Dissertation - Public Access
Psy.D. Doctor of Clinical Psychology
Penelope Asay, Ph.D, ABPP
Dipali Bharadwaj, Psy.D.
This study was an exploration of spirituality, cultural upbringing, and deeply rooted Eastern philosophy and their conscious and unconscious impact on the way Hindu psychologists practice in the field. The purpose was to take into consideration the four major theories of Hinduism and to assess whether psychologists of Hindu origin integrated them into their clinical work. The study used qualitative methods, specifically interpretative phenomenological analysis, as the main strategy of inquiry for data collection and analysis. The goal was to broaden the understanding of how spiritual beliefs can inform a psychologist’s clinical approach and lead to a better understanding of how such practices and the integration of spiritual theories can enhance clinical practice. Additionally, the study shed light on conflicts that may exist between psychologists’ personal beliefs regarding cultural expressions of mental illnesses compared to the expressions of mental illnesses from the model in which they received training. The study demonstrates the importance of further research regarding Hindu clients and the stigmatization of the mental health field within South Asian culture. This may also encourage an open dialogue around the use of spiritual and religious beliefs in psychotherapy. It is an important point of inquiry for both research and clinical psychology, as it broadens the discourse around integrated healthcare and diversity.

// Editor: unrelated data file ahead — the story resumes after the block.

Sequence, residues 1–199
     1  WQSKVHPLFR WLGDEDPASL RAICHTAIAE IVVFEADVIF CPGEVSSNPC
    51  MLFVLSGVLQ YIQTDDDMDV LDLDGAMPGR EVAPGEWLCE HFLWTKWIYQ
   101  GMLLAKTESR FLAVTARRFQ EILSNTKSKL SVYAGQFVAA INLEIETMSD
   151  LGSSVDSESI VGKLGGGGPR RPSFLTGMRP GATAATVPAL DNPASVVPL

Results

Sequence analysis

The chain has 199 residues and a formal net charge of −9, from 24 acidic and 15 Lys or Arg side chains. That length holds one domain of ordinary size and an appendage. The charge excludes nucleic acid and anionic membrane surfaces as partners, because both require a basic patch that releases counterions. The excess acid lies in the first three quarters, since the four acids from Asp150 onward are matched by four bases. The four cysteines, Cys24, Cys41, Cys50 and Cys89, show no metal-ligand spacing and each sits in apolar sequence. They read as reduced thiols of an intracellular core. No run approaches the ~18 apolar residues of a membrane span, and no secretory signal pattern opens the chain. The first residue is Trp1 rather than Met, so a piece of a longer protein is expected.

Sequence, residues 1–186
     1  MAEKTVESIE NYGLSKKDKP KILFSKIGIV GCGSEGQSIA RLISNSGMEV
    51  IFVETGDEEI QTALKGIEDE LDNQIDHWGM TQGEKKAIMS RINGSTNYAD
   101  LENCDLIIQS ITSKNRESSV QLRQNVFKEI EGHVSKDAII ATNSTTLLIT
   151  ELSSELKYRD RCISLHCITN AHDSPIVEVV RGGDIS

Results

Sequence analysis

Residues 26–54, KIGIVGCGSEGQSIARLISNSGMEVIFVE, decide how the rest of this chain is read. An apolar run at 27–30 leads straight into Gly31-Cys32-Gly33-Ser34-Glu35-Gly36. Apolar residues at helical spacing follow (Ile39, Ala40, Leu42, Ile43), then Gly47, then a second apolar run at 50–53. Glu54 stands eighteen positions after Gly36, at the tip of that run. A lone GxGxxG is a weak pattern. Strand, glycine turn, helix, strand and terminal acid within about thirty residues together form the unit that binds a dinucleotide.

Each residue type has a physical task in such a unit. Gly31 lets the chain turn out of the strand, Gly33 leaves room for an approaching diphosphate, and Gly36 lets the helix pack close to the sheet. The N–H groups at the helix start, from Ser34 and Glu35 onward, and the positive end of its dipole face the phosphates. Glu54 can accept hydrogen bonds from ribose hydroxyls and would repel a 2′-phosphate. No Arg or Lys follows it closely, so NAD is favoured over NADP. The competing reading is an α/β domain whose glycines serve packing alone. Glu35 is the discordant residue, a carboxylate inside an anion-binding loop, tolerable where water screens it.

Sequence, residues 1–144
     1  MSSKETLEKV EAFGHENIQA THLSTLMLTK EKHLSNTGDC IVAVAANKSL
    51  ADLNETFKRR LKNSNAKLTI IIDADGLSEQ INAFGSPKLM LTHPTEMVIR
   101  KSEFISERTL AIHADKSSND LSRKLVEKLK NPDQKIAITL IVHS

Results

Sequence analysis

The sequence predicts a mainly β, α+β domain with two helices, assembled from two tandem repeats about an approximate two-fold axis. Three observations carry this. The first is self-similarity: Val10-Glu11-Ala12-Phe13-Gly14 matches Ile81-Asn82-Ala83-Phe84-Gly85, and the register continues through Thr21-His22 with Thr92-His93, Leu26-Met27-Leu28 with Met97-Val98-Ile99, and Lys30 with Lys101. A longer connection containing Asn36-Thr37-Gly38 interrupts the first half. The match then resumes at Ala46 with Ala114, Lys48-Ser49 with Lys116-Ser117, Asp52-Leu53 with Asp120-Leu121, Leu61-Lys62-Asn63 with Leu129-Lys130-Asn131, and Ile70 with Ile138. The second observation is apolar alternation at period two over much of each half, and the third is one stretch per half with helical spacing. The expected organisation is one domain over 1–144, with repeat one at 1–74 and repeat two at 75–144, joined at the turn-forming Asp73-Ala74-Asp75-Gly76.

Panchal, Kinjal, "An Interoperative Phenomenological Analysis of Hindu Psychologists and the Impact of Hinduism on Their Clinical Work" (2020). Dissertations. 457.